Feb 152015
 
Networks and computers connecting to the web

Tech journalist Kara Swisher has a twenty-five minute interview with President Obama on his relationship with the technology industry and Silicon Valley, it’s an interesting snapshot on how the United States sees its role as custodian of the internet.

In talking about European agencies’ efforts to reign in the power of companies like Google the President is dismissive; “we have owned the Internet. Our companies have created it, expanded it, perfected it, in ways they can’t compete. And oftentimes what is portrayed as high-minded positions on issues sometimes is designed to carve out their commercial interests.”

Obama is absolutely correct to say the Internet currently belongs to the United States, it was the US that developed the technologies and built the initial infrastructure for the global network in a similar way it did for the GPS system.

The internet probably won’t remain the US’s sole domain as China, Indian, Russia and other powers find control of the global communication network resting with the US isn’t in their interests and develop work arounds or rival technologies.

Just as Spain and then the English once dominated the world’s shipping and communications, it may well be the US’s dominance of the Internet is not permanent.

Feb 012015
 
apple-iPhone5s-5Up_Features_iOS8_PRINT

Last week Google and Facebook announced their quarterly results with the search engine giant continuing its worrying slowing of advertising revenue. The respective changes of the two online services show how online advertising is changing.

While Google slows, Facebook is showing accelerating growth for its advertising, driven mainly by mobile users, illustrating the shift in internet usage from desktops to smartphones.

In its 2014 New Digital Consumer report, market research company Nielsen observed that US consumers in 2013 were spending more time accessing the internet on their smartphones than on personal computers; PC use had fallen seven percent to 27 hours a week while mobile use had surged 40% in 2013 to 34 hours.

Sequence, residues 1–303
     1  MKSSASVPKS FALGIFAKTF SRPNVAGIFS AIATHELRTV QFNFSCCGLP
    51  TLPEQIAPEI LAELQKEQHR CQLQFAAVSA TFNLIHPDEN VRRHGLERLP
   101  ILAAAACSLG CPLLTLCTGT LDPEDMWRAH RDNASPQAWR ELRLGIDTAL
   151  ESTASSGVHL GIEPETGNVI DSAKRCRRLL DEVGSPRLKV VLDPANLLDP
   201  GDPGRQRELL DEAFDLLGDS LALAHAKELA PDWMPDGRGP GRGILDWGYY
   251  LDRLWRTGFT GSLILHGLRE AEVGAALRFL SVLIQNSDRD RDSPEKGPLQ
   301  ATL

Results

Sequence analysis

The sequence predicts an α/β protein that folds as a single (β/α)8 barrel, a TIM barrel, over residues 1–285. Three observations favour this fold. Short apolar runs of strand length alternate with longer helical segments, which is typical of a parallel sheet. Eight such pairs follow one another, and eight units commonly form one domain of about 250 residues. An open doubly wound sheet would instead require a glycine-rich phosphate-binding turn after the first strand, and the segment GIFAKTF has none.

Television still remained dominant with the combination of live and time shifted TV viewing making up 144 hours of the average American’s week, although it did fall slightly.

Nielsen-time-spent-per-device-2013

Those figures are a year out of date and there’s no doubt the numbers have accelerated since then. One of Tim Cook’s triumphs at Apple has been the release of the iPhone 6 and the larger form factors in the current generation of smartphones is a response to consumers’ demand to watch video on their devices.

Bigger Android, Windows and Apple smartphones will only seen even more people using their mobiles to watch video and surf the web.

Which puts Google’s predicament in sharp focus; we are definitely in the post-PC world yet their revenue still overwhelmingly comes in from desktop users while Facebook’s is increasingly coming from mobile consumers.

A strength Google has is that its revenues still dwarf the social media upstart’s – Google’s income is currently six times greater and its gross profit margin doubles that of Facebook’s – giving it plenty of leeway to change.

The question is where do the new revenues come from? Probably the biggest opportunity Google missed was in replacing the Yellow Pages franchises with their own local small business listings with Google Your Business (aka Google Place and Google Plus for Business) being lost in a confused and bureaucratic corporate strategy.

Compounding the problem for Google in the small business space is Apple’s entry and while Apple Maps is no contender against Google’s far superior product, an integration with Apple Pay would give Apple far more rich data to enhance listings with – not to mention more of an incentive for merchants to sign up.

With the changing web, Google are going to have to change as well. If advertising is going to remain the mainstay of their business then the company needs to find a way to capture smartphone users.

It could be worse however, a report from consulting firm Strategy Analytics estimates print media’s share of advertising revenue fell another seven percent this year. Time is running out for newspapers.

strategy-analytics-share-of-advertising-revenue

While print is ailing, the advertising battleground is mobile digital although TV still dwarfs the market. How this evolves in the next five years will define the next generation of media tycoons.

Jan 312015